15. The order of the Magistrate in this case appears, however, open to objection on this ground, that it is not made between the parties to the proceedings--the zamindar and the priest--and is not in the terms prescribed by that section when neither of the parties to the proceedings establishes that he is in possession.
16. It is not apparent whether Karupan and Vairavan were made parties. The zamindar alleged that the priest was in possession of the site in dispute, viz., the site purchased from Arunachala Muppan. The priest alleged he had been in possession and had been dispossessed after the order of the Civil Court by Karupan and Vairavan, acting under the instigation of the zamindar, but Karupan and Vairavan in the petition of 29th April made no claim to possession of any part of the site of Arunachala Muppan but asserted that the priest had gone beyond that site and trespassed on their site and that they had retaken possession of their own land only.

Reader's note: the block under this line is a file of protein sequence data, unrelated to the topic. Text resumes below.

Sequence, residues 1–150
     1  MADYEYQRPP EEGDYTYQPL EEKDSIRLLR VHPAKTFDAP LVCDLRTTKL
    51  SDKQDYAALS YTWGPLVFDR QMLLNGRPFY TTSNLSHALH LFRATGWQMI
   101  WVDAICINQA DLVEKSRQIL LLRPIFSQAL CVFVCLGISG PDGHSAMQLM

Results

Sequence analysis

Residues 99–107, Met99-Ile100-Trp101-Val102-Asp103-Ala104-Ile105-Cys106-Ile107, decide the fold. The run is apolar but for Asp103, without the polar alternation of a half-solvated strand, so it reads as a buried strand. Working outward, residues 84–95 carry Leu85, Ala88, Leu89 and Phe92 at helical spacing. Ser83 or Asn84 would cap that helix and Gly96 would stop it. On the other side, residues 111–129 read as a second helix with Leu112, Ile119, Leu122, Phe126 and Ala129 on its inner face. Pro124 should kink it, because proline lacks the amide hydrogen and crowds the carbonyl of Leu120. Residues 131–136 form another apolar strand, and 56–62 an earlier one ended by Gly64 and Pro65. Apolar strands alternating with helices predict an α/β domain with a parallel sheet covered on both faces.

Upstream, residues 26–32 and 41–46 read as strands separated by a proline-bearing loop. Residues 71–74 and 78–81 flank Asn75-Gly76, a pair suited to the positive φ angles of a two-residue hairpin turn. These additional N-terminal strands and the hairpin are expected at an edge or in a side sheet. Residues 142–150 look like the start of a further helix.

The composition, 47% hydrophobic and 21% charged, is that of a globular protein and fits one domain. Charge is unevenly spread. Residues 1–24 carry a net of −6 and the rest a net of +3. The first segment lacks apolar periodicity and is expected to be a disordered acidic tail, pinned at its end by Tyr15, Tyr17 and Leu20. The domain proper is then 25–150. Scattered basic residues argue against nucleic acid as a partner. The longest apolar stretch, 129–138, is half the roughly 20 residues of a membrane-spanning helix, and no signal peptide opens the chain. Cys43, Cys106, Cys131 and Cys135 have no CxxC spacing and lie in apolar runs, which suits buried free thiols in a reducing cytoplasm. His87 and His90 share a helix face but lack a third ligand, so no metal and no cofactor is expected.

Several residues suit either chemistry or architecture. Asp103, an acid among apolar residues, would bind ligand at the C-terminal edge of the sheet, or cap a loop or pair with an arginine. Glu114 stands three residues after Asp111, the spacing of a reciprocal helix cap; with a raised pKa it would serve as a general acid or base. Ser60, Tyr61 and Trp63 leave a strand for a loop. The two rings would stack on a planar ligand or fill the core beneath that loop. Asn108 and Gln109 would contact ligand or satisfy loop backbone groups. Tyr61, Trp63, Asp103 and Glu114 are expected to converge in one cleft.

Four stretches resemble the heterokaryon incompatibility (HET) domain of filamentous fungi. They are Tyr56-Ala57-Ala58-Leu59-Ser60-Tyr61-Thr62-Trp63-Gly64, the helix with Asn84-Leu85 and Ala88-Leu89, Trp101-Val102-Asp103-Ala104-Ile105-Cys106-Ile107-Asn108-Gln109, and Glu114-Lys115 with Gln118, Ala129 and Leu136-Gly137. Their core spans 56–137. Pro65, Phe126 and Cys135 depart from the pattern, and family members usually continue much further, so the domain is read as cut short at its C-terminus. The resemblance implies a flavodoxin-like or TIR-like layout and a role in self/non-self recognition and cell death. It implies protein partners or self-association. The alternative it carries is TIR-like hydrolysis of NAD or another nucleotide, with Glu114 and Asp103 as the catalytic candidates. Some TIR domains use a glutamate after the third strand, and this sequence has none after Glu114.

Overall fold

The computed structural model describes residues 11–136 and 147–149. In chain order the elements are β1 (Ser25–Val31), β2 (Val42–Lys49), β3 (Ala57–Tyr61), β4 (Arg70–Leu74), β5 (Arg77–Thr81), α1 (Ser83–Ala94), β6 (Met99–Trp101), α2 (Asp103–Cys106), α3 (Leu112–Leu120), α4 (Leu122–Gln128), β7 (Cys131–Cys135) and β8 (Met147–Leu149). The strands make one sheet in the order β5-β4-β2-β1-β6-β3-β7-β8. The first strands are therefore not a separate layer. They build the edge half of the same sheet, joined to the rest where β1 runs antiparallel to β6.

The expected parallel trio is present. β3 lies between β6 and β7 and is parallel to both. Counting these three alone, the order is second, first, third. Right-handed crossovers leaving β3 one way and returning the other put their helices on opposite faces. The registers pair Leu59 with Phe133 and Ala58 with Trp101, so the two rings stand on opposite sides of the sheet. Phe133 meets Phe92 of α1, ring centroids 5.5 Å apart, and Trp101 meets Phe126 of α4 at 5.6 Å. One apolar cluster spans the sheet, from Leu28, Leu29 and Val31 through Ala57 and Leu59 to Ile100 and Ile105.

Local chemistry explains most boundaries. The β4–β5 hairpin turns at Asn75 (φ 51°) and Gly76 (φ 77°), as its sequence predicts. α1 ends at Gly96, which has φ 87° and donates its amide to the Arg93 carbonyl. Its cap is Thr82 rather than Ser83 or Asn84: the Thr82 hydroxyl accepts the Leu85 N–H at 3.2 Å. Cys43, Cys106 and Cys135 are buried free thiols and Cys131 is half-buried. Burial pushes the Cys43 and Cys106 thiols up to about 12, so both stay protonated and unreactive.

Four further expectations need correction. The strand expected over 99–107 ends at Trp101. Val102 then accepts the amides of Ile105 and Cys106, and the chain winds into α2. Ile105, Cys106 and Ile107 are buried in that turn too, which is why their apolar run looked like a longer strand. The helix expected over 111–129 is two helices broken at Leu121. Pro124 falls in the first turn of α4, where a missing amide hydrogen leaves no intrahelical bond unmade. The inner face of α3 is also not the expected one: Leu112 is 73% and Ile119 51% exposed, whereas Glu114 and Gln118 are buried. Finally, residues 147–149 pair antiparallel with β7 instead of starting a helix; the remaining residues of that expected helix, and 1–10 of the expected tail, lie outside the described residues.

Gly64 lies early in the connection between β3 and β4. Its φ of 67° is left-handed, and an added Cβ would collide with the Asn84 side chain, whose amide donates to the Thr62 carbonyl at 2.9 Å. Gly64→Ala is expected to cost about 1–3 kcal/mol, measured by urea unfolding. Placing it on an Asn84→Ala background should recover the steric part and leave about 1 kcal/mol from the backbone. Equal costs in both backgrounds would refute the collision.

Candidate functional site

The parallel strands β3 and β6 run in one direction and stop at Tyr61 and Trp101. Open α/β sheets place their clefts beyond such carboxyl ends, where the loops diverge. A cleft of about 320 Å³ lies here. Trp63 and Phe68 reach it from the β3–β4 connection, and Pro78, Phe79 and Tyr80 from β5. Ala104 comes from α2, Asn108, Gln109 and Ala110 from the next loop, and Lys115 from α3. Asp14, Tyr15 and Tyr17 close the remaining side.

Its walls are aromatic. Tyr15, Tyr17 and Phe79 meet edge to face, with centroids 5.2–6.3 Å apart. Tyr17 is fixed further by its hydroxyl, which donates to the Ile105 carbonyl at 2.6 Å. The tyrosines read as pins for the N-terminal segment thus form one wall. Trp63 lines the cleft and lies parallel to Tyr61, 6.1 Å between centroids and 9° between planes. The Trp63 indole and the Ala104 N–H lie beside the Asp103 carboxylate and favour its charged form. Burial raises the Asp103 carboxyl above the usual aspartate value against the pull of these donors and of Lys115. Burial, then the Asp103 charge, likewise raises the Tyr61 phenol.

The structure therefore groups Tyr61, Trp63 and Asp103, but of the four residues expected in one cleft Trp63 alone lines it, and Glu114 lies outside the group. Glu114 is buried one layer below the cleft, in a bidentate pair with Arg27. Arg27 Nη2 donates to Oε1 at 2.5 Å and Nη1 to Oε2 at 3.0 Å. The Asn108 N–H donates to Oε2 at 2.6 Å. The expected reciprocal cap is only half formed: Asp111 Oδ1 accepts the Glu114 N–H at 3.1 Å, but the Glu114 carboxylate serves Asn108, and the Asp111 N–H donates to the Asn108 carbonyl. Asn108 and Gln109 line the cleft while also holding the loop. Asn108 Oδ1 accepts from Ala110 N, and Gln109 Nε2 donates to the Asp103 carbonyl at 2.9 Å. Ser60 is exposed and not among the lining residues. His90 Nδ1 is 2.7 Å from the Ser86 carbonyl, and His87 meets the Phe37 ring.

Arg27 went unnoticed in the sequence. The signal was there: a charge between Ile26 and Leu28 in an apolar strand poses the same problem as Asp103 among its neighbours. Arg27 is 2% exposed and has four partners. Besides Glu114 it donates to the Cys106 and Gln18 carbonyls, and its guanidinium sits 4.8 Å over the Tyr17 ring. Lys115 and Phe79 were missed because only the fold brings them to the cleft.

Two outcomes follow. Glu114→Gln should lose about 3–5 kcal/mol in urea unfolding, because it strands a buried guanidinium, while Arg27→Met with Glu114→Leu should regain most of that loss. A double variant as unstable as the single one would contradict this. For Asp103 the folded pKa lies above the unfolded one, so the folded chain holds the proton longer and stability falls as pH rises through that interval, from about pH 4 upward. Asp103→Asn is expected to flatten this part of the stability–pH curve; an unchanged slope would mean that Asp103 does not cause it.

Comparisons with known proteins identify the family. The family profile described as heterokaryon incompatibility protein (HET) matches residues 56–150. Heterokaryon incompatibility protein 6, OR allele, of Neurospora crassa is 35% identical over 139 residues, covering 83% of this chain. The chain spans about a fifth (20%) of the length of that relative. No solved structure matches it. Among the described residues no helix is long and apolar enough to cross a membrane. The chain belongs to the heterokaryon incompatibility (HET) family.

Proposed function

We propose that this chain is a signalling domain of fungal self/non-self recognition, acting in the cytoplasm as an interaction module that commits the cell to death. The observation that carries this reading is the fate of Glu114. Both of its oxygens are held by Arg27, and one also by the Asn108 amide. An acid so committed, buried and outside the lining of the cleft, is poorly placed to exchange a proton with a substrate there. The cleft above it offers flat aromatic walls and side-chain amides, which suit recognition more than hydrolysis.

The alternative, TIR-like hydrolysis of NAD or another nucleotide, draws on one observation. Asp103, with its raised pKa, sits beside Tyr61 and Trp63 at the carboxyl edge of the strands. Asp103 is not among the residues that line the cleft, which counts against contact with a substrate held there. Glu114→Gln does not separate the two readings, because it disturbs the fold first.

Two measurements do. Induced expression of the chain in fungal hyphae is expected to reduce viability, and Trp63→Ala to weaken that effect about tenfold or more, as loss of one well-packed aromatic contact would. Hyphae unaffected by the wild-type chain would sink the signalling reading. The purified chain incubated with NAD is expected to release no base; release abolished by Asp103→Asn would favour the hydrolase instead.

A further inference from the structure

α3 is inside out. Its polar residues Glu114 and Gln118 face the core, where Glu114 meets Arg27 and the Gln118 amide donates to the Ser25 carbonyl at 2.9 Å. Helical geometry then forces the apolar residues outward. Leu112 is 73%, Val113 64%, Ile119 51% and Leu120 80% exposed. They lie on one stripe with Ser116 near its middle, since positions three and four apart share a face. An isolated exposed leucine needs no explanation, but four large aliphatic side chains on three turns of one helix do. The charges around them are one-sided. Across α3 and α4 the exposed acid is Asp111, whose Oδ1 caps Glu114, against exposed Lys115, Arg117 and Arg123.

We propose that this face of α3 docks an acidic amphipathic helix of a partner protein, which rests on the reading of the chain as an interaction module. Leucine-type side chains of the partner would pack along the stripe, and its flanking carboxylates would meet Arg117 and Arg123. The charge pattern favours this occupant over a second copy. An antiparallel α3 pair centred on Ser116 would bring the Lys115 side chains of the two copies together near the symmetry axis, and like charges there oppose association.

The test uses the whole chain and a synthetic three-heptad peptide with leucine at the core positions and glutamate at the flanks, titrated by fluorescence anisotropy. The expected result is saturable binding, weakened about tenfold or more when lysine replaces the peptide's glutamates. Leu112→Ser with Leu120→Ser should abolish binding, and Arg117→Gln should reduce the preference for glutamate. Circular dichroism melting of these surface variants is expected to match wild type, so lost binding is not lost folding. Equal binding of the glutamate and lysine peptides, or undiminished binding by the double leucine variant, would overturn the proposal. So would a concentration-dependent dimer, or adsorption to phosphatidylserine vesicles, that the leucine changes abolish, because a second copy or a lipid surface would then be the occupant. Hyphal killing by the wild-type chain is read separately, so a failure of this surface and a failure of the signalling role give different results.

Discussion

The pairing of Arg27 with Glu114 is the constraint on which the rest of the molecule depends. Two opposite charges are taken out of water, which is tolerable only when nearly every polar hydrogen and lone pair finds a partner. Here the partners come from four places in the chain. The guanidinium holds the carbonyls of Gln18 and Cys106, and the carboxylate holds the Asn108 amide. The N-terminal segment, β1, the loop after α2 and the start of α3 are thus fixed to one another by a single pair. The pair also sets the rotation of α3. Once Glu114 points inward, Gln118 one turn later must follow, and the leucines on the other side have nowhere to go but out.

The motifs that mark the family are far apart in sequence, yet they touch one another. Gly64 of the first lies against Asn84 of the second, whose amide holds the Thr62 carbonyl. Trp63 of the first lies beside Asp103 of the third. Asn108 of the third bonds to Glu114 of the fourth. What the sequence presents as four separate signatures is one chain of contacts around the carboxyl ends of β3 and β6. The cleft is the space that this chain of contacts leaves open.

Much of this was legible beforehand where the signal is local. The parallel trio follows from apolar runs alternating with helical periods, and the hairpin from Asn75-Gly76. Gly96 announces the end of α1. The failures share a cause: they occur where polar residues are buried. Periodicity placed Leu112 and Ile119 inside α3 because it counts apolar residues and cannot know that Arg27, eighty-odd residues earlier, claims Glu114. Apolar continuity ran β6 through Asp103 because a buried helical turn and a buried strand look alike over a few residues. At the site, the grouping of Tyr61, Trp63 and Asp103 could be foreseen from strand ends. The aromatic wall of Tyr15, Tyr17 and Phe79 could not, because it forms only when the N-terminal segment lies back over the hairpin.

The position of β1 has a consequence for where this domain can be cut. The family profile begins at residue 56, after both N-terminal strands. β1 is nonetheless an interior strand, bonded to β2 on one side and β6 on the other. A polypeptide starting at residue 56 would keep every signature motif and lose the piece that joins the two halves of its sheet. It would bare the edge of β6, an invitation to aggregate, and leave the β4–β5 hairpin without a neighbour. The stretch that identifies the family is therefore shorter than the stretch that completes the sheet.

17. Under the circumstances it was necessary to inquire who was in possession before an order could be passed respecting the rights of parties in possession or for the attachment of the property when the possession was doubtful, and if the possession of the priest were established and the Magistrate was satisfied that continuance with the building would probably occasion a riot which he could not otherwise prevent, it would be competent to him to give orders to the priest to abstain from proceeding with the erection.
18. The order of the District Magistrate, dated 3rd May 1884, is set aside and the present District Magistrate is directed to pass fresh orders after completing the inquiry in the manner indicated.